We measured the effect of perfusion duration by maintaining TEP at 2 mmHg while increasing perfusion time in 10-min steps (Fig. 8E). GV formation increased in a stepwise fashion with perfusion duration up to the 30-min perfusion time. As in the experiment shown in Fig. 8B, there was an abrupt decline in the GV formation at the 40-min perfusion time. Therefore, we conclude that SCE monolayer integrity has a tolerance that can be surpassed by increasing either perfusion pressure or its duration. The monolayer was disrupted when the perfusion pressure reached 4.5 mmHg, or when the perfusion duration measured 40 min at a TEP of 2 mmHg. It should be noted that GV formation was similar when the monolayer was perfused for 15 min at 3 mmHg and for 40 min at 2 mmHg (∼2,500 μm2).
GV formation was another distinct feature of SCEs, which occurred as a function of the direction of fluid flow, the driving TEP head, and the perfusion time. GVs disappeared rapidly after reduction of the driving force to a pressure ≤1.0 mmHg. The monolayer of cultured SCEs was not able to maintain its integrity above a certain driving pressure and perfusion time, resulting in a decline in the number of GVs formed and a breakdown of its barrier function.
We have uncovered three major differences in the phenotypes of cultured SCEs and TMEs: 1) the expression of ZO-1 isoforms is different for each cell type; 2) the resistance presented to fluid flow across SCEs is greater than that across TMEs; and 3) the formation of GVs is a unique characteristic of the SCE cell type.
Previously we showed (53) that SCEs express the α+- and α--isoforms of ZO-1 whereas TMEs express only the α--isoform; this led us to propose that the α+-protein might be a molecular marker for the SCE cell type. Because most other endothelial cells tested have expressed both isoforms (9), with the exception of the peritubular renal capillary (24, 35), we decided to revisit this issue. We have now succeeded in extracting the α+-isoform of ZO-1 from TMEs and have shown that the difference in ZO-1 expression between SCEs and TMEs is quantitative. Both cell types express the α+- and α--isoforms; however, TMEs have a lower signal strength for the α+- than the α--isoform whereas SCEs display signals of similar strength for both (Fig. 1). Therefore, measuring the α+-to-α- ratios with the commercially available polyclonal antibody is differentiating for both cell types.
The proteins making up ZO-1-containing junctions, such as the tight (TJ) and adherens (AJ) junctions present in SCEs and TMEs (53), have a tripartite arrangement of extra- and intracellular proteins linked in series. We compare this mechanism to one containing a gate, a pulley, and a chain linked in series. Integral transmembrane proteins, such as occludin, claudins, junctional adhesion molecule (JAM), and others, are located within the paracellular pathway forming the intercellular junction proper or gate (29, 51). Membrane-associated guanylate kinase (MAGUK) accessory proteins, which include ZO-1, ZO-2, and ZO-3, are located just inside the cell membrane at the site of TJs and AJs, and the accessory proteins form the pulley, which is linked to transmembrane proteins (24, 25, 31, 41). F-actin, a modified fibrillar form of actin, is located just distal to the MAGUK proteins with which ZO-1 is also linked, forming the third element of the chain (29, 51). Thus ZO-1 represents a bridge linking the other two components of the tripartite system. Moreover, ZO-1 is at the crossroads of important transduction pathways (57), acting as a scaffold that holds transcription factors (7, 8, 10, 41) and signaling molecules (20, 44, 45, 57) in a close spatial relationship. ZO-1 is also involved in the biogenesis, disassembly, and reassembly of TJs and AJs (31, 46).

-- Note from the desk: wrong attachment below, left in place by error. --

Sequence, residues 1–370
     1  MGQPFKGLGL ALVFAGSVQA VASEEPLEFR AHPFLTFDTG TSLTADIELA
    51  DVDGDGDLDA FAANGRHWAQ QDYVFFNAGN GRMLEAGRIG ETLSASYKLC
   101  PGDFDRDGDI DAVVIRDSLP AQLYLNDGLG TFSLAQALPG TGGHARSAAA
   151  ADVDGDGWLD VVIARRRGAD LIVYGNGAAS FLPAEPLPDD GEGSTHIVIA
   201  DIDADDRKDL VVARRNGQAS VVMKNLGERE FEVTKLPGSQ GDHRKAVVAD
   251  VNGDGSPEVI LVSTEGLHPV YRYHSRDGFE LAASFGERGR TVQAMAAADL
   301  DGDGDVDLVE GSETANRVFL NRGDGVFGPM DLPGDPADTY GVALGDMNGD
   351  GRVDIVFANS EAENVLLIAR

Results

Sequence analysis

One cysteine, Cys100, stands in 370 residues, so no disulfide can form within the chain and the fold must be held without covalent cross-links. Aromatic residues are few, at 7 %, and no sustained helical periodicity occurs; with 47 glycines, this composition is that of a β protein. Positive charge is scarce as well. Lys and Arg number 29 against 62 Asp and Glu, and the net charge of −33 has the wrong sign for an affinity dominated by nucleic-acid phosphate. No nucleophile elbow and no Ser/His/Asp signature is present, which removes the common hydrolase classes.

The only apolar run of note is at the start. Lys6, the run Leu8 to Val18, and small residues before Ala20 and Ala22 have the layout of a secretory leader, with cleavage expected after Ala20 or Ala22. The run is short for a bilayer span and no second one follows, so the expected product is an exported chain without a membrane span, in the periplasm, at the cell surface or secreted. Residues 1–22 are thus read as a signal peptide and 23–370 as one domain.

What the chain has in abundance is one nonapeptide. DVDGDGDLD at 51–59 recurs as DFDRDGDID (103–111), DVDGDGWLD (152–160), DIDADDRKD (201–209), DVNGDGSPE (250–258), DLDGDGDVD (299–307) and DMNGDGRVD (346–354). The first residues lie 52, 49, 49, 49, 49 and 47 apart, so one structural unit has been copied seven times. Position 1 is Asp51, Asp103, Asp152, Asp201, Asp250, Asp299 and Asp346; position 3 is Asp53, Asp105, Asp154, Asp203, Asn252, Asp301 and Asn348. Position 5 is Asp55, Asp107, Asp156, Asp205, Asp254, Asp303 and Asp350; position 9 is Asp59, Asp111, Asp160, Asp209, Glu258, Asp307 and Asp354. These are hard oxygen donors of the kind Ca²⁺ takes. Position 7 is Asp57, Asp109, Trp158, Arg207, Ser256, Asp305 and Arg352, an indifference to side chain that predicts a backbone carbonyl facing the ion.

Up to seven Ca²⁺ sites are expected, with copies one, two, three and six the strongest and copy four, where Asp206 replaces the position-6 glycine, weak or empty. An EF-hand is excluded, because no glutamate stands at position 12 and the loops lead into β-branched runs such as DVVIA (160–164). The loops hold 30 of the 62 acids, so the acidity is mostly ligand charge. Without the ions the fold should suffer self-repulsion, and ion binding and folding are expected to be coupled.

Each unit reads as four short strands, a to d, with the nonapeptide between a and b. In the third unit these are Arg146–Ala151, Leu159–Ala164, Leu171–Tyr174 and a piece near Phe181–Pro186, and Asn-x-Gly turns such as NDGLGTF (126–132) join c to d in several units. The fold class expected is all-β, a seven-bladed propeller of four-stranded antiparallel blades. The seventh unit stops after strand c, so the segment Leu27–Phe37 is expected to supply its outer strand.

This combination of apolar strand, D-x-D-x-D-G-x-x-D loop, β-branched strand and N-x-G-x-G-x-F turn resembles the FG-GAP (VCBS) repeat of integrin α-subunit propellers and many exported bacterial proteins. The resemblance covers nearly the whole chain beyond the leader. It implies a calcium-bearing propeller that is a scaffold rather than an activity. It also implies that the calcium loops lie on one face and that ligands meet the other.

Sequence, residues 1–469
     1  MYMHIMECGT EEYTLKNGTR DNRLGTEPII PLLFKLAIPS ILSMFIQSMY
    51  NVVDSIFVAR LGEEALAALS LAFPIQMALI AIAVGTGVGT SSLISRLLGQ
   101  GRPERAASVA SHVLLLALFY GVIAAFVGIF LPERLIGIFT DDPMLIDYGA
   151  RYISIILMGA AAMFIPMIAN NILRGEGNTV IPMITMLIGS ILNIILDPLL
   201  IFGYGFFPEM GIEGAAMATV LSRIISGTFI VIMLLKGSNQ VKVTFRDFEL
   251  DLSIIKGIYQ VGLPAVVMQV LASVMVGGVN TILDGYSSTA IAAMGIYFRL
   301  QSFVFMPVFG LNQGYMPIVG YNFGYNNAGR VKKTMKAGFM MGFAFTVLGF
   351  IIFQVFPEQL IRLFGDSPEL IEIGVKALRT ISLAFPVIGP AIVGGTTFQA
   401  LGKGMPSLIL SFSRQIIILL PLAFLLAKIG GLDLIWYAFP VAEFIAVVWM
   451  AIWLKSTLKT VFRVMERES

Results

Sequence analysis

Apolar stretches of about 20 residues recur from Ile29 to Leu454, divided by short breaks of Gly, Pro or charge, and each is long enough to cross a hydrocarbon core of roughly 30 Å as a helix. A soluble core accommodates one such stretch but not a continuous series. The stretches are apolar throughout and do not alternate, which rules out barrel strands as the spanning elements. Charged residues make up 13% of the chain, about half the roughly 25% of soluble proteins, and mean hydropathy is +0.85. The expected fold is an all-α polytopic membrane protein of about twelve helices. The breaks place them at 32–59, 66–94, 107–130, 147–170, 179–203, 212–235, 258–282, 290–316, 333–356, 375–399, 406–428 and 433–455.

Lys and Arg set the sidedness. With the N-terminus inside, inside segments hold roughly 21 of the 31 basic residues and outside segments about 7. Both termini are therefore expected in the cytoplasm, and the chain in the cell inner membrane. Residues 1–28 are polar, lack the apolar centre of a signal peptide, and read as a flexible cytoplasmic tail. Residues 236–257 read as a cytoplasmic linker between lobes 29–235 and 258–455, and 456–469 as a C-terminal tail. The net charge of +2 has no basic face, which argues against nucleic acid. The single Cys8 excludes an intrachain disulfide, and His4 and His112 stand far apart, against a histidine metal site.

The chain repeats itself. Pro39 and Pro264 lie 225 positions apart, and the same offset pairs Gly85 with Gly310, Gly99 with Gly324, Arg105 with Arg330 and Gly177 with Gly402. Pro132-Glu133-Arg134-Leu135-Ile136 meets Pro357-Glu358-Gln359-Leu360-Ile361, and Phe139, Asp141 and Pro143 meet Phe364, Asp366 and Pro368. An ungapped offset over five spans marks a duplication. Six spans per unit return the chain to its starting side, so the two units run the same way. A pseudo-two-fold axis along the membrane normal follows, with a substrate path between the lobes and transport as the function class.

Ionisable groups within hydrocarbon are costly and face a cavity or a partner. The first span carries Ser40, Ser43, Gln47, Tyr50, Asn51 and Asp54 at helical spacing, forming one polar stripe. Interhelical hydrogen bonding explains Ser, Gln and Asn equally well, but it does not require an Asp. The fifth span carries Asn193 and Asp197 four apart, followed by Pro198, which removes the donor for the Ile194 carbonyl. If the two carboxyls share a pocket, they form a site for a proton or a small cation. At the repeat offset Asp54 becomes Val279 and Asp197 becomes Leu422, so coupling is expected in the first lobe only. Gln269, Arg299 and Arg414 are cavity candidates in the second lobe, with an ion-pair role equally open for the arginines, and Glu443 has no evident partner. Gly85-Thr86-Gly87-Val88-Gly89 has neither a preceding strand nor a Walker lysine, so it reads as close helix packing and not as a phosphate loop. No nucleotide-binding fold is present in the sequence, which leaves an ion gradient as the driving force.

In view of this extensive role of ZO-1 in the function of cellular barriers, it was important to examine its distribution in SCEs and TMEs. The barrier formed by SCEs and TMEs differs in several respects from that of typical vascular endothelial (VECs) and epithelial cells. In typical VECs ZO-1 is deposited in a continuous pattern encircling each cell, much like caulking around tiles (15–17). In contrast, in SCEs and TMEs, ZO-1 is deposited in a discontinuous palisading pattern, underneath short filopodia that extend across the apical cell surface (Fig. 2). Thus, in SCEs and TMEs, ZO-1 and associated junctions are located outside of the paracellular pathway proper. This arrangement may be particularly well suited to withstand tension generated across the inner wall of SC. Forces acting on this wall include the intraocular pressure (∼16 mmHg), which is counteracted by pressure in the lumen of SC and episcleral veins (i.e., ∼4–8 mmHg) (13, 14, 36). In addition, ciliary muscle contraction is transmitted by tendons and their connections to the scleral spur onto the TM and SC during accommodation, producing other significant mechanical effects (30, 33). It is interesting to note that the lung, which is subject to continuous and major changes in configuration with breathing, also has blood vessels with endothelial cells having filopodia arranged similarly to those in SCEs and TMEs (11, 12). The filopodia in both the eye and the lung are dynamic structures that have been shown to change in number and length under the influence of glucocorticoids, adrenergic agonists, and other vasoactive agents (4, 5, 12, 53).